Cultural factors and social support related to breastfeeding among immigrant mothers in Taipei City, Taiwan

Tzu Ling Chen, Chen-Jei Tai, Yu Roo Chu, Kuo Chiang Han, Kuan Chia Lin, Li Yin Chien

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25 Citations (Scopus)


The objectives of this study were to identify cultural factors (including acculturation and breastfeeding cultures in subjects' native countries and those in mainstream Taiwanese society) and social support related to breastfeeding among immigrant mothers in Taiwan. This study was a cross-sectional survey performed from October 2007 through January 2008. The study participants were 210 immigrant mothers living in Taipei City. The prevalence of exclusive and partial breastfeeding at 3 months postpartum was 59.0% and 14.3%, respectively. Logistic regression analysis revealed that breastfeeding experience among mothers-in-law and the perceived level of acceptance of breastfeeding in Taiwan were positively associated with breastfeeding at 3 months postpartum. Immigrant women with a higher level of household activity support were less likely to breastfeed. Immigrant mothers in Taiwan usually come from cultures with a higher acceptance level for breastfeeding; however, their breastfeeding practices are more likely to be influenced by the mainstream culture in Taiwan.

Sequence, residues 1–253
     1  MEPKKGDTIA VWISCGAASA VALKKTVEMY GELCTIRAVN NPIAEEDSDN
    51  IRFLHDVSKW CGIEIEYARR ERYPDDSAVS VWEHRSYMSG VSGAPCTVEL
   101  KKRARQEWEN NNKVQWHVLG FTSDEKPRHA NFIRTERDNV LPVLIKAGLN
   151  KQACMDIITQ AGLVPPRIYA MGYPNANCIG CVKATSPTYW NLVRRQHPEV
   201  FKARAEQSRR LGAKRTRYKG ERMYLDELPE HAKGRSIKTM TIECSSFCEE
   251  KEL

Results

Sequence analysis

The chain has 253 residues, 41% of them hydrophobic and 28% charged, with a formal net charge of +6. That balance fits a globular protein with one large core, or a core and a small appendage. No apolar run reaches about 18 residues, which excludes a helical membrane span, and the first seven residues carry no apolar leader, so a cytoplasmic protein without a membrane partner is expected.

Original languageEnglish
Pages (from-to)41-48
Number of pages8
JournalJournal of Human Lactation
Issue number1
Publication statusPublished - Feb 2011



  • Breastfeeding
  • Culture
  • Immigrant mothers
  • Social support

ASJC Scopus subject areas

  • Obstetrics and Gynaecology
  • Medicine(all)

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